Baylor Law faculty members Jill Lens, Luke Meier and Connie Powell have each had articles accepted by prestigious law reviews.
Hofstra Law Review will publish Lens's article, "Punishing for the Injury: Tort Law-Based Limitations on Punitive Damages," later this year. In the article Lens examines a potential conflict between the Supreme Court's recent opinions on the limitations of punitive damage awards. Abstracts of Lens's articles can be found on Lens's SSRN page.
Meier has had two articles accepted by law reviews. "Why Twombly is Good Law (But Poorly Drafted) and Iqbal will be Overturned" has been accepted by the Indiana Law Journal and will be published in 2012. In the article, Meier looks at what is required to plead a claim for relief in federal court after the Supreme Court's decisions in Bell Atlantic Corporation v. Twombly and Ashcroft v. Iqbal. He argues that coupling the cases as a pair is wrong and interferes with efforts to understand what is required to start litigation in federal court.
The second article, "Using Tort Law to Understand the Causation Prong of Standing," has been accepted by the Fordham Law Review and also will be published in 2012. The article sheds light on the "fairly traceable" or "causation" requirement of Article III standing, which has mostly been ignored or treated as a secondary consideration in modern academic discussions on standing. Meier accomplishes this task by relying heavily upon causation concepts and terminology developed in tort law. Abstracts of Meier's articles can be found on his SSRN page.
Powell's "The eBay Exemption: Restructuring the Trademark Safe Harbor for Online Marketplaces" has been accepted for publication as the lead article for volume 28 of the Santa Clara Law Computer and High Technology Law Journal. This journal is ranked number eight amongst Intellectual Property Law journals and ranked number four cited journals overall. Powell's article argues for revisions to the Lanham Act that will establish a principled scheme for liability. The article discusses the development of the counterfeit trademark market online, provides a brief synopsis of the major Internet auction sites' response to the developing counterfeit market, and provides an overview of the current legal framework for establishing secondary liability for trademark infringement. The article also discusses secondary liability suits involving eBay and evaluates the courts' rationale in eBay not liable for secondary trademark liability. Powell concludes with a discussion of Senate Bill 3804, titled "Combating Online Infringement and Counterfeits Act" and its pitfalls followed by proposal for additions to the Lanham Act to establish a "notice and take down" system for trademark infringement.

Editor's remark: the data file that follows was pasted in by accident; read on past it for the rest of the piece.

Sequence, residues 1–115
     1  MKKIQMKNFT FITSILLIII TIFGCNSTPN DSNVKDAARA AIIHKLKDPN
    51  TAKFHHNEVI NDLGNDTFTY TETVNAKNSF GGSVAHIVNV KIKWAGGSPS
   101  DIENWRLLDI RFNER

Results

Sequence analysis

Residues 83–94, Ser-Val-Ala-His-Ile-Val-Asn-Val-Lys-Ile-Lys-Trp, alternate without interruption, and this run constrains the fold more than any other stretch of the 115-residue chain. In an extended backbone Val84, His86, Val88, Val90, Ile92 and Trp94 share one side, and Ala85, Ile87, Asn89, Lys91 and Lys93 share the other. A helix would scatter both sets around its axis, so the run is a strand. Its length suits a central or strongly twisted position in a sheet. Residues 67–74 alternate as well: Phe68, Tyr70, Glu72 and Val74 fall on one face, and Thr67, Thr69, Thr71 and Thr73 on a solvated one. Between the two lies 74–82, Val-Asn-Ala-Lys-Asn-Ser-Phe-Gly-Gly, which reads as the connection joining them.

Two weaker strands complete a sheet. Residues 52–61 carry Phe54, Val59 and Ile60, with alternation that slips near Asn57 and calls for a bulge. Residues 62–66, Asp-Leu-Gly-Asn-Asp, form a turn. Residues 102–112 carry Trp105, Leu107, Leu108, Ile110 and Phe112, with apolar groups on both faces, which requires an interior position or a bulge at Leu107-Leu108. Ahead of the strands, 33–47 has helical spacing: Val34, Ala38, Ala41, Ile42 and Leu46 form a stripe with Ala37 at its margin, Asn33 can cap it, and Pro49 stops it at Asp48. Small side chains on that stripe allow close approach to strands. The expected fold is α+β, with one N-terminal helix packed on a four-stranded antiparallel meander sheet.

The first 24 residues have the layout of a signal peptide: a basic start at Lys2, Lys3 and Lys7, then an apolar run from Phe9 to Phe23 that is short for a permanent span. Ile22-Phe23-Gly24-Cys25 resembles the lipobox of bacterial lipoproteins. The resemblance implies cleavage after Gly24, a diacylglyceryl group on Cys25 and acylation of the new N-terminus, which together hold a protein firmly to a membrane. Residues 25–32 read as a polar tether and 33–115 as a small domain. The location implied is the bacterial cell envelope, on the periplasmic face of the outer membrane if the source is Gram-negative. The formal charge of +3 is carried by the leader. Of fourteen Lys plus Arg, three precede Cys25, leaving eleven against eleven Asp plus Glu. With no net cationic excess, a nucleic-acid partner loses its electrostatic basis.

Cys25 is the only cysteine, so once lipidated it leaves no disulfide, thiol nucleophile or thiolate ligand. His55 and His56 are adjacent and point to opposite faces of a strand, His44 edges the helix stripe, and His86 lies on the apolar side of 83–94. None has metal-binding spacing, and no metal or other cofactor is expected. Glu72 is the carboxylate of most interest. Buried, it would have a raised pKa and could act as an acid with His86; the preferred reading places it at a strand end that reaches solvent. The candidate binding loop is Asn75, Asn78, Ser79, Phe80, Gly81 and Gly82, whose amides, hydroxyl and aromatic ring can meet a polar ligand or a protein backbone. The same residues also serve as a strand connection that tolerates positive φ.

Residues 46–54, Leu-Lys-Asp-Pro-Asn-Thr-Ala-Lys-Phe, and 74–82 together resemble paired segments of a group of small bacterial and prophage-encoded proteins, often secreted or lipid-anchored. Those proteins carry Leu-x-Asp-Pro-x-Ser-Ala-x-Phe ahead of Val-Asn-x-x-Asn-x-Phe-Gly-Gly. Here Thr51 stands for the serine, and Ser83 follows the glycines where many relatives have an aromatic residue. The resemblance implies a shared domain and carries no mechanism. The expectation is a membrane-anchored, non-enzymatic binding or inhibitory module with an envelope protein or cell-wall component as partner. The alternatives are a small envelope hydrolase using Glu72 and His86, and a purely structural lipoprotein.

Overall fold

"I am so pleased that three of our newest faculty members will have scholarly articles published in prestigious law reviews. However, I'm not surprised because members of the Baylor Law faculty always have prided themselves on their ability to balance excellent research with great teaching. They not only engage in meaningful legal scholarship but also, because of their skill in the classroom, they are able to pass on these concepts effectively to our students," said Baylor Law Dean Brad Toben.